Media For Change Workshop 2011 in Santa Fe by Randy Vasquez

Media For Change Workshop 2011 in Santa Fe by Randy Vasquez

Randy Vasquez grew up on the beaches of southern California and in the mountains of North Carolina. He has been an actor since 1983.

Date Posted: 
2011-08-31 00:00

Blog Series:


When I got the invitation to go to Santa Fe from Vision Maker Media to attend the Media For Change Workshop, I thought, “Oh yeah, Santa Fe during Indian Market? Never done that. I’m in.” So along with my girlfriend, Joyce, we arrived that Thursday by plane. The trip was an especially big thrill for Joyce who had never been to New Mexico. I was excited for her as we took the Rail Runner from Albuquerque to Santa Fe because as a photographer I knew she’d have plenty to shoot. Upon arrival into town I hooked up with my friends and fellow filmmakers Sydney Freeland and Julianna Brannum. The four of us drove to the plaza where the action was. We cruised the galleries where we met Bruce Curliss, training manager at Tesuque Pueblo, renowned artist Joanna Bigfeather and fun-guy performance artist James Luna. Friday night in the plaza a group of us were fortunate enough to run into and chat with LaDonna Harris. What a wonderful person.

Friday we all gathered at IAIA to listen to Molly Murphy from Working Films, about 35 of us. Here are the main things I cam away with from the workshop:

- Before I start my next film project I’m going to think of partnerships down the road and how they can help in expanding my film’s reach.

- Regarding my film’s topic, What’s the problem? What’s the solution?

- Groups appropriate for me to reach out to with my film – survivor’s groups, psychological groups and organizations, new age healing groups, reconciliation and transitional justice groups.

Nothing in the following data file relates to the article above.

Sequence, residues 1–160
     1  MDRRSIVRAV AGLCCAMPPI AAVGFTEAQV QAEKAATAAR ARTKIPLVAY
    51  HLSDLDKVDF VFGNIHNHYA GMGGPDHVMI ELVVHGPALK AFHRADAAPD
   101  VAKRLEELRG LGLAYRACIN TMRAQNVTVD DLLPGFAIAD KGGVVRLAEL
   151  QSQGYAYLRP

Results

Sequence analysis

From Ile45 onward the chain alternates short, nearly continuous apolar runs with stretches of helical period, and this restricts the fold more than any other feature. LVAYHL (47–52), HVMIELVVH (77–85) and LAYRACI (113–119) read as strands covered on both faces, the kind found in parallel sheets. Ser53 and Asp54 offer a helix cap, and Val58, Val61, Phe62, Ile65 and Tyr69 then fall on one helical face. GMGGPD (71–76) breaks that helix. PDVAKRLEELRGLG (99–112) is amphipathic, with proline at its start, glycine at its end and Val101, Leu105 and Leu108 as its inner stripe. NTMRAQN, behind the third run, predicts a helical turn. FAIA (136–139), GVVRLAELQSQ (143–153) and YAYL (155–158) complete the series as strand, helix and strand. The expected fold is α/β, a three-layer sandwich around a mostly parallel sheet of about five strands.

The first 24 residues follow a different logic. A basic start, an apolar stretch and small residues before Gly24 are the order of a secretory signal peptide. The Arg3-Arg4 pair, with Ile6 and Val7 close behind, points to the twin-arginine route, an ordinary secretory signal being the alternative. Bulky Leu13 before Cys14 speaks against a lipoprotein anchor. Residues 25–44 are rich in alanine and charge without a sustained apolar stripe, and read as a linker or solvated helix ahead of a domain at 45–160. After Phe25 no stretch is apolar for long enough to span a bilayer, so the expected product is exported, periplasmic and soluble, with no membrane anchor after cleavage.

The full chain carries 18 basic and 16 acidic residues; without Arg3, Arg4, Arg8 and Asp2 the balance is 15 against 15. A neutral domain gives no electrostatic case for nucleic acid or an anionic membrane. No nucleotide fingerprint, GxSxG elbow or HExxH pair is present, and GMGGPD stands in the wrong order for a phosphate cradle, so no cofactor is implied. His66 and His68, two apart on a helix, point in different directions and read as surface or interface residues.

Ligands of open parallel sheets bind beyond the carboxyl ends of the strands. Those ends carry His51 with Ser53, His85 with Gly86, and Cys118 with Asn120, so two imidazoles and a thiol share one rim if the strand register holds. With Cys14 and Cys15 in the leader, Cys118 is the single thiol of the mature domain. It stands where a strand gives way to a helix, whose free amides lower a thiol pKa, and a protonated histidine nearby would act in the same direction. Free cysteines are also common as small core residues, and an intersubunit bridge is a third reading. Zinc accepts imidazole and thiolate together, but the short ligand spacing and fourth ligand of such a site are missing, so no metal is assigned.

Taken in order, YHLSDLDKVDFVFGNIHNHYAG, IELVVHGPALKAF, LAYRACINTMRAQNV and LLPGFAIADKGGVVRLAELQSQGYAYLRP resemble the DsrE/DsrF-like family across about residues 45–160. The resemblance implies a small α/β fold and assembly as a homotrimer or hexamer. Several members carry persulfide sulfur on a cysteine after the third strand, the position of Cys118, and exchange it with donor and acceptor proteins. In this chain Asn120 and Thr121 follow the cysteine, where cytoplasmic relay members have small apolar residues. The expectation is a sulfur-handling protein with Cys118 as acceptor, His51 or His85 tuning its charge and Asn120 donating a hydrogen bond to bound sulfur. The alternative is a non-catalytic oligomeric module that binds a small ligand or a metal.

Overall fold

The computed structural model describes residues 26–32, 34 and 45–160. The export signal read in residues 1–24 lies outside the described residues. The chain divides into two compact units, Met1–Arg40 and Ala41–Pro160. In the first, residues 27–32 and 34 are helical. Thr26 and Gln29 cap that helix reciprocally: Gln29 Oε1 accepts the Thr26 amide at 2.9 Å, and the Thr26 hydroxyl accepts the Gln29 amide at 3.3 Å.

- How will my film engage communities?

- What laws or policies could my film help create?

Molly had us divide into groups of 2 or 3 to pitch our projects. I got together with filmmaker Yolanda Cruz and Nathaniel James, a consultant and program planner for social sectors. They helped me to get beyond the clichés of describing my film, for instance avoiding phrases like “to build awareness of the issue” and avoiding political descriptions, instead sticking with Walter Littlemoon’s personal story, stay with the key points of what Walter is dealing with, which is his mental journey.

The conflict I personally had with Molly’s example of the Vanishing of the Bees doc she used to sell Working Films was in relating it to a personal but also a politically tinged film like mine that directly deals with the impacts of the United States government’s relationship to Indians, the boarding schools. Making organizations and corporations care about partnering up to build audience awareness for Native stories is tough at best as compared to documentaries that are topic-based on saving the environment. Nonetheless, I still came away with some tools not to mention the benefits of meeting new friends among the other filmmakers.

At the end of the day, Shirley Sneve got us to think in terms of how Native film can move forward in a more efficient and influential way. For me, an old school guy, being made aware of the direction in which the internet market is being driven by more short attention span stories was eye-opening. Adrian Baker’s project, Injunuity, was a sophisticated example of how this can be done but with profound and entertaining results.

Late Friday afternoon was a relaxing group dinner and Saturday was spent at the Market enjoying the crowds and beautiful Indian art. Can't wait to go again. Thank you Vision Maker Media!

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